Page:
The European Court of Justice, ‘ECJ’, has ruled that a ‘transfer of a business’ under the Acquired Rights Directive (2001/23/EC) covers occasions where a majority shareholder takes over its subsidiary’s activities after having been wound up. In turn, where the transferred entity retains its identity after the transfer, illustrated by the activity continuing or resuming, this is held to account for a TUPE transfer.
This was held in the case Ferreira da Silva e Brito and others v Estado Portuges. In 1993, the charter airline company, Air Atlantis (AIA), was wound up, with nearly 100 employees being dismissed as part of a collective redundancy process. TAP, its main shareholder, began to operate some of the routes which AIA had contracted to provide, using AIA’s offices, equipment, planes and some of their former employees, who were assigned to roles which they had previously undertaken for AIA.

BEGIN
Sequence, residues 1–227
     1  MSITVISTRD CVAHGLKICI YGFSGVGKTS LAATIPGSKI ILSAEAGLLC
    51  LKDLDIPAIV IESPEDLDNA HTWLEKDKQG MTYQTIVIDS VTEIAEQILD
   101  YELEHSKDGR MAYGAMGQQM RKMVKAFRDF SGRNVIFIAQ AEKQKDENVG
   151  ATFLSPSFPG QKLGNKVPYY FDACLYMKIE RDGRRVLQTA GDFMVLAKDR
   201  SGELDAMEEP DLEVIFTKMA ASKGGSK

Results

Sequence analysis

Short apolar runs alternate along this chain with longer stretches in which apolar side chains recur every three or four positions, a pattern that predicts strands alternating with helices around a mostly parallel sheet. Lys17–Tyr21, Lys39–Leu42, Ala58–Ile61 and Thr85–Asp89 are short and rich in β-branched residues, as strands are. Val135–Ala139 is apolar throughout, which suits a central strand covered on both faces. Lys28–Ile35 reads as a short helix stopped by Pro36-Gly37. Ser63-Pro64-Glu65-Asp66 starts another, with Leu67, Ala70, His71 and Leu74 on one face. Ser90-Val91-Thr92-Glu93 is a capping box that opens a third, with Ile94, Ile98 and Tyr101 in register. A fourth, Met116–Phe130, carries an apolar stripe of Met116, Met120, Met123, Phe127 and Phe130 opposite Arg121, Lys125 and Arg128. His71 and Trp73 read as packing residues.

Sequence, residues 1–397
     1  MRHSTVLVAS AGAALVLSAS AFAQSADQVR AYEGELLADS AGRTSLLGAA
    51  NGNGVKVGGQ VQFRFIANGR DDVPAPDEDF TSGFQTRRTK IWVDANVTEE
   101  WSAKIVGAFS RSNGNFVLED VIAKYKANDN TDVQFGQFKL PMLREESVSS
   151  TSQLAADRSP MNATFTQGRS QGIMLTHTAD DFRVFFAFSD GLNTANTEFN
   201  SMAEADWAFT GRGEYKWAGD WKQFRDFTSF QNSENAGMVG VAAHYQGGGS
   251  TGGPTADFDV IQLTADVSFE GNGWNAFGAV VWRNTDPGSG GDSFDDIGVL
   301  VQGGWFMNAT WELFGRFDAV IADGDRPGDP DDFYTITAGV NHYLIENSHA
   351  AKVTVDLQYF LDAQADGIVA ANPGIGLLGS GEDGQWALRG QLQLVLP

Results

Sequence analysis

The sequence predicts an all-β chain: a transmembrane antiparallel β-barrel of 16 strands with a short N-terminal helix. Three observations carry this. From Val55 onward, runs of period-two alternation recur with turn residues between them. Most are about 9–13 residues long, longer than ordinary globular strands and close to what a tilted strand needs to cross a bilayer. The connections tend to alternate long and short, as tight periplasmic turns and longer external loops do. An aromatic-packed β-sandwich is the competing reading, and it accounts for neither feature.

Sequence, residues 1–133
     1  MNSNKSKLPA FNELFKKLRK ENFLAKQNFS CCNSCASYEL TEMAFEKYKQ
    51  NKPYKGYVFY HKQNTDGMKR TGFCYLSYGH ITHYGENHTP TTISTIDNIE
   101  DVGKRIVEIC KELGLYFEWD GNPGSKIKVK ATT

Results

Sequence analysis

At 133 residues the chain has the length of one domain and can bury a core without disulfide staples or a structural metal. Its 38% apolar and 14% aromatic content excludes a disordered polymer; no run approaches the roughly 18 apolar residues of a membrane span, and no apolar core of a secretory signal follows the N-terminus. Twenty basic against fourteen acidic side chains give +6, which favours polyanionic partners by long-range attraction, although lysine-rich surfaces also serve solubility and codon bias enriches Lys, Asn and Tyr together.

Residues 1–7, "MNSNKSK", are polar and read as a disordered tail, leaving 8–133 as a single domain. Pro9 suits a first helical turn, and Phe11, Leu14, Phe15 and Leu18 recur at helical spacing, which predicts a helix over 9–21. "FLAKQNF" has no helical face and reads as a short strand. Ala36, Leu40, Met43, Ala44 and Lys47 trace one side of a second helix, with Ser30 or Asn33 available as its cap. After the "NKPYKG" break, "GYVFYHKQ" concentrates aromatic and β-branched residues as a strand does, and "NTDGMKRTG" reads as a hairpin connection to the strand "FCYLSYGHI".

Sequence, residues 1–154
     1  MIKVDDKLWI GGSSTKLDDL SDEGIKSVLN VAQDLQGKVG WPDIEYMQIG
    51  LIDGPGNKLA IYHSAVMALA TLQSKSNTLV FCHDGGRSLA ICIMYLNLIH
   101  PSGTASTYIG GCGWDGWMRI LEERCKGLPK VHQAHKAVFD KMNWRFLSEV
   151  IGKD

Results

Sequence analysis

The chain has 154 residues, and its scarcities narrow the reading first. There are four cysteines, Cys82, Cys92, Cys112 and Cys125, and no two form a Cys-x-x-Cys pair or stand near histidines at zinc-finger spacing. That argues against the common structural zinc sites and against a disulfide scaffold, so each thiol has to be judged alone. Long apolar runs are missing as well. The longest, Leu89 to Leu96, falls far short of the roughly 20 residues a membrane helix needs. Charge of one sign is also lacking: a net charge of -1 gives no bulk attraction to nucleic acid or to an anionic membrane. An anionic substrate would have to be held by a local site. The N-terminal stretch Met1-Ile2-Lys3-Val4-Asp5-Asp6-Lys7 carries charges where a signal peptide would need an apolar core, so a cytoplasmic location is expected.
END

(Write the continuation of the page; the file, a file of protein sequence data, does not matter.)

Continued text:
The claimants brought proceedings against TAP claiming that the collective redundancies were unlawful, and that their contracts of employment had been transferred to TAP under the Acquired Rights Directive.
The matter eventually reached the ECJ, which held that there had been a transfer of a business within the meaning of the Directive.